One day, in between clients, Ana pulled out a shoebox full of black, red, and green candles and explained that I needed to know about these objects. Although Ana only practiced healing and white witchcraft, she said there were many practitioners of the black arts who cast spells that hurt people, physically and psychically, and who dealt with the devil — and these were some of their tools.
“Why would anyone want to hurt someone else?” I asked.
“Because the dark forces are very powerful,” Ana replied. “People have been hurt or rejected by others, and they want to hurt them back. They pay a lot of money to witches for this.”
Ana led me to a shelf in the capilla and showed me envelopes stuffed with hundreds of photos that people had sent to her from around the world for long-distance healing. “This is my way,” she said. “I pray for them.”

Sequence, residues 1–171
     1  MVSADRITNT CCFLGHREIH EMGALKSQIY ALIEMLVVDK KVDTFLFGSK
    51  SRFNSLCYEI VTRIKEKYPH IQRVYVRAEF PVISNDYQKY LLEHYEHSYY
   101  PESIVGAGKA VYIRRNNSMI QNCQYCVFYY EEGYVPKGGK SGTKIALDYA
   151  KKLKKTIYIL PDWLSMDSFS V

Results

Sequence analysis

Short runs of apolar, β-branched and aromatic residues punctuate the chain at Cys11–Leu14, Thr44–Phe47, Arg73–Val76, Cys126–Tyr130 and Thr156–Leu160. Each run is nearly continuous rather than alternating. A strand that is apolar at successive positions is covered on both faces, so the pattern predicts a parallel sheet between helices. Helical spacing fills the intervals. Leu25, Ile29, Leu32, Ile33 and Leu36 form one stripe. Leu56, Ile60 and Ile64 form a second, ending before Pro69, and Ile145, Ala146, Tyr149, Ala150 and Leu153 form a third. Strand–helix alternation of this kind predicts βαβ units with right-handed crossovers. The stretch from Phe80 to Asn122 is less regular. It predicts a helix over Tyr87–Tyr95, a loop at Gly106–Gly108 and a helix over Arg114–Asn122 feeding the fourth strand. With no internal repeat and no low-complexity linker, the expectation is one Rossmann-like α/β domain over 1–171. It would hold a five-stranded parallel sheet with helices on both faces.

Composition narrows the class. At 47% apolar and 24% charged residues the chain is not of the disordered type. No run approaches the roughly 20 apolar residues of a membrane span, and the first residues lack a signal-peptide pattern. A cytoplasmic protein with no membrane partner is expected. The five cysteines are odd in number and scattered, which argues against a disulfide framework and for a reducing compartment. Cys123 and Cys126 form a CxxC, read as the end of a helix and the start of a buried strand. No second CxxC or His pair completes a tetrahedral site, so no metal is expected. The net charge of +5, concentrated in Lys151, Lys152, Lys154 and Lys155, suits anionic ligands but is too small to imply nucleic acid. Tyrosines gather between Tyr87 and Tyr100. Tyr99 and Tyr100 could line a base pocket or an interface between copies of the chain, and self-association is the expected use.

My job in the capilla varied, according to the client. Sometimes, I handed Ana the incense burner or brought her the incense. Often, I just sat next to her as she instructed me about the candles, the eggs, the incense, the herbs, or the prayers.
For one week, I was in a constant state of overload and exhaustion from the language difficulty. On the eighth day, by some linguistic miracle, I woke up at 6 a.m. and was able to understand about 70 percent of what was going on. It was still difficult for me to speak Spanish, but I could cobble together sentences. At 7 a.m., Ana announced that I was going on a trip with her. A taxi was waiting in front of the door. Once we reached the outskirts of Juventino Rosas, Ana said she was taking me to some sacred places for healers and witches. I laughed and said I was ready for the “Witch Tour.”
The Witch Tour